In the last eighteen months since, I have bought, and have been gifted, many more notebooks. Some came from husband, some from brother, and some from a friend, who loves notebooks equally if not more (I wonder if there is a reason why all my gifts come from men). But all of them remain untouched. Some I preserved for my book, and some for my London trip (both still a distant dream). The true reason however, I suspect, was not to let go of this one: the firsts are always closest to your heart, aren't they?

But as they say, everything that begins must, and does, end. And so, the notebook running into its last few pages is also coming to an end. Today therefore, after going through at least ten new notebooks -- most of them matronly and boring -- I finally chose the one closest to this: it has a beautiful embossed cover and it came as a gift from my notebook fanatic friend. Pretending to be excited about a new notebook, I flipped it around, caressed its cover, ran my fingers through its pages; I even wrote my name in it with the most beautiful pen, but I could not feel the connect. In a matter of minutes I had put it away.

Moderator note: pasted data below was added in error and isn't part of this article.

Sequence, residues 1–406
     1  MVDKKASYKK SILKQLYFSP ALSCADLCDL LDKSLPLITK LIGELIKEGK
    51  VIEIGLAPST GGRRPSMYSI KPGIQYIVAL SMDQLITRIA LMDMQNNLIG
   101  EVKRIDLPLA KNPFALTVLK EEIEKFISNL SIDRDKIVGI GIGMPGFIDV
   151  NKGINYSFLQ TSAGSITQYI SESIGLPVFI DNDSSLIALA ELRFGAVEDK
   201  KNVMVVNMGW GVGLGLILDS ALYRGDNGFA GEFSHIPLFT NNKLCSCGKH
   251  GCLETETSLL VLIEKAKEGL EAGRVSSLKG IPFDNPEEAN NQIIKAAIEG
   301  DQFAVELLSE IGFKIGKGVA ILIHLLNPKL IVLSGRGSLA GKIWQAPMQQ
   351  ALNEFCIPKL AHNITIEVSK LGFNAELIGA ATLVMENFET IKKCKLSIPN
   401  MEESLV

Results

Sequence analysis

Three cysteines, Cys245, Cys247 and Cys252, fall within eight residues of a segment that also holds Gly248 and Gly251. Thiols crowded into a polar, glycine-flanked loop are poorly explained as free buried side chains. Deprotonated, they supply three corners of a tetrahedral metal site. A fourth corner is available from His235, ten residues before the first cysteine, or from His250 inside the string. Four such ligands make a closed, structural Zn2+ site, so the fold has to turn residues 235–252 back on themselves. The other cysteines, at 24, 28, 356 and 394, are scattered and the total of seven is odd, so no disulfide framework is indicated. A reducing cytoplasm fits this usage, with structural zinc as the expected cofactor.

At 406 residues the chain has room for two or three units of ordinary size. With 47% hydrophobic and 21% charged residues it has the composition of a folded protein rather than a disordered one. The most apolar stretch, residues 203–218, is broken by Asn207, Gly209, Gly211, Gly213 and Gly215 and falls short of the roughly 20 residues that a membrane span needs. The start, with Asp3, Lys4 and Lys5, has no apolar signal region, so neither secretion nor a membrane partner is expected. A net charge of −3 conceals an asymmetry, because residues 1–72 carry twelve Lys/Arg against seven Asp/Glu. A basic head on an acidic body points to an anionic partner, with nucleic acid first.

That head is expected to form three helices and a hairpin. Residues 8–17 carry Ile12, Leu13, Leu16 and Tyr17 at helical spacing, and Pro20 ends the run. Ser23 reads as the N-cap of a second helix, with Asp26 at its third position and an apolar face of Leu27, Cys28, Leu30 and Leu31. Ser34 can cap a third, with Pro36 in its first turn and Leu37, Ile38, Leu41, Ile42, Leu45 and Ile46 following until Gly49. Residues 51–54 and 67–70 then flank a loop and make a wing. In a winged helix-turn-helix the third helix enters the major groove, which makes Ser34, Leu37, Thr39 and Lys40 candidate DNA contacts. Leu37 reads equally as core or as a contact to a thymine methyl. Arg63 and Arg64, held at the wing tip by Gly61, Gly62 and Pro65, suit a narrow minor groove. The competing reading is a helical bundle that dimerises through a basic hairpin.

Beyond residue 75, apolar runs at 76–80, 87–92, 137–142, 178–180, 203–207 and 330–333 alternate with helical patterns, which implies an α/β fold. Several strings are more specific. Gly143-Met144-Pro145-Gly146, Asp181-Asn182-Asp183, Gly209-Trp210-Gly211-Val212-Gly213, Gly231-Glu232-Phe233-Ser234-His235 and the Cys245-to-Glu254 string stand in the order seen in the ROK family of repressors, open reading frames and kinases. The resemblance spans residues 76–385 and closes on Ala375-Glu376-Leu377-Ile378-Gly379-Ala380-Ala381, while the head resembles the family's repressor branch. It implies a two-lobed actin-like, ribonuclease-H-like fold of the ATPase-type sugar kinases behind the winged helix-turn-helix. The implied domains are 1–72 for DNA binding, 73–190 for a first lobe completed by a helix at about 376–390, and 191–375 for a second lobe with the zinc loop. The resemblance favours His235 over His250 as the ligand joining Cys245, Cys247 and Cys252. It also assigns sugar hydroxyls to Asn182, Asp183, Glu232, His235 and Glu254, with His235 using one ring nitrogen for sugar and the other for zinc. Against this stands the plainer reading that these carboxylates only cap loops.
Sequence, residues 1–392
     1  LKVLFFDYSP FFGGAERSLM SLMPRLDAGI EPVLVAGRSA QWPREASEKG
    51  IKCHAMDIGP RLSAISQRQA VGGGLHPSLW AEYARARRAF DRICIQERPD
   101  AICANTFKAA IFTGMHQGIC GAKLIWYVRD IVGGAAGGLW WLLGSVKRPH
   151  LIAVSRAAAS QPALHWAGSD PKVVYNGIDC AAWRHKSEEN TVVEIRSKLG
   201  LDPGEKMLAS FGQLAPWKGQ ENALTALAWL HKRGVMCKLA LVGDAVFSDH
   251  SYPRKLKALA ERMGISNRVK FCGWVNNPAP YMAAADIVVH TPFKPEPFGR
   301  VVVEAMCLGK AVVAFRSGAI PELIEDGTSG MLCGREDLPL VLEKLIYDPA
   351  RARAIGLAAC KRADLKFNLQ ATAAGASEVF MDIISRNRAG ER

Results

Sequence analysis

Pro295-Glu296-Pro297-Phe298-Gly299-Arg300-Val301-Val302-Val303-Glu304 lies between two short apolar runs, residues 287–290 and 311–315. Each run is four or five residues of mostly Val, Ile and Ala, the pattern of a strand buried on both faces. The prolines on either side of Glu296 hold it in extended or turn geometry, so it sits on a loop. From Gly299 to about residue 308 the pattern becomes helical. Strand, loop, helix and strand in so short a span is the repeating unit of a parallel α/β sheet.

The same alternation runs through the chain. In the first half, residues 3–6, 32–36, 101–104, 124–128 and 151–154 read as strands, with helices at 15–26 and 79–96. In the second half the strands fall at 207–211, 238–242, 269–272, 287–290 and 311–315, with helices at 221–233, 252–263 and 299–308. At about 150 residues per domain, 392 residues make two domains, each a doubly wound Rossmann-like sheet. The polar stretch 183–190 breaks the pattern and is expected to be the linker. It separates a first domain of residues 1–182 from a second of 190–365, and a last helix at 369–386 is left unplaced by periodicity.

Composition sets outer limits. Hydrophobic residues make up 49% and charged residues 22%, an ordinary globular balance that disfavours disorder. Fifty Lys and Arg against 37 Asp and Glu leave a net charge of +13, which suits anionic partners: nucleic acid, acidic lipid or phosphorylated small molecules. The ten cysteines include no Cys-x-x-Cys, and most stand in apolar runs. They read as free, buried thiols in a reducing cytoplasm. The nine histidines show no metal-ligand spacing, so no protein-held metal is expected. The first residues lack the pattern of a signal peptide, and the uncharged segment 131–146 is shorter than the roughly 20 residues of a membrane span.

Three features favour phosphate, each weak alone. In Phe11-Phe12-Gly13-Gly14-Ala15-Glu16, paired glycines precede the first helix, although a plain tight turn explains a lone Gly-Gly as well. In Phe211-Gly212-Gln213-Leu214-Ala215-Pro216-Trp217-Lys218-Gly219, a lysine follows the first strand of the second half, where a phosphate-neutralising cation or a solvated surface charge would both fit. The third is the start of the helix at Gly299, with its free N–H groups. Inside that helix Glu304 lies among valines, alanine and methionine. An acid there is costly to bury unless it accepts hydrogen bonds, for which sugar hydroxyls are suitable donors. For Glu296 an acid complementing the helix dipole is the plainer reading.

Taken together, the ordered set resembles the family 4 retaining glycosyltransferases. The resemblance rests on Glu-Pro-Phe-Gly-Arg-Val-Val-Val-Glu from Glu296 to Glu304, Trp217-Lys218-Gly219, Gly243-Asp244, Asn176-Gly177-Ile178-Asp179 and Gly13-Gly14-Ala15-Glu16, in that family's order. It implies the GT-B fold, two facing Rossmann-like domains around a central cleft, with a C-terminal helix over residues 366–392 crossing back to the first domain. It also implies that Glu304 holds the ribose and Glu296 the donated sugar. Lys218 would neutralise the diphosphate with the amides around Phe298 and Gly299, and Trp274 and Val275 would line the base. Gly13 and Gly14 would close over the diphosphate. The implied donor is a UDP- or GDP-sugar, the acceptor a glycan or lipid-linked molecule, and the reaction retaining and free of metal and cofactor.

And since morning, I have been busy writing in the last few pages of my yellow and black rubberband. Trying to make sense of millions of things that have been going on in my mind. Who knows scribbling in it one last time might just rid me of the everlasting writer's block.


P.S. My first piece from the notebook, lest it gets lost:

Two people live within me

One is simple, docile, loving, obedient, loyal and practical. Second is complicated, independent, wild, carefree, instinctive, impulsive, passionate and possessive.  

The first loves to plan, obey, fall in line, cook, clean, mother, and smother. The other wants to break free, live one day at a time, take risks, wander, sing, dance and love. 

Often there is a conflict, and often the first one wins. The second however strong it seems, is mostly treated as an unwanted guest. The world, I know, prefers the first. But it is the second I love.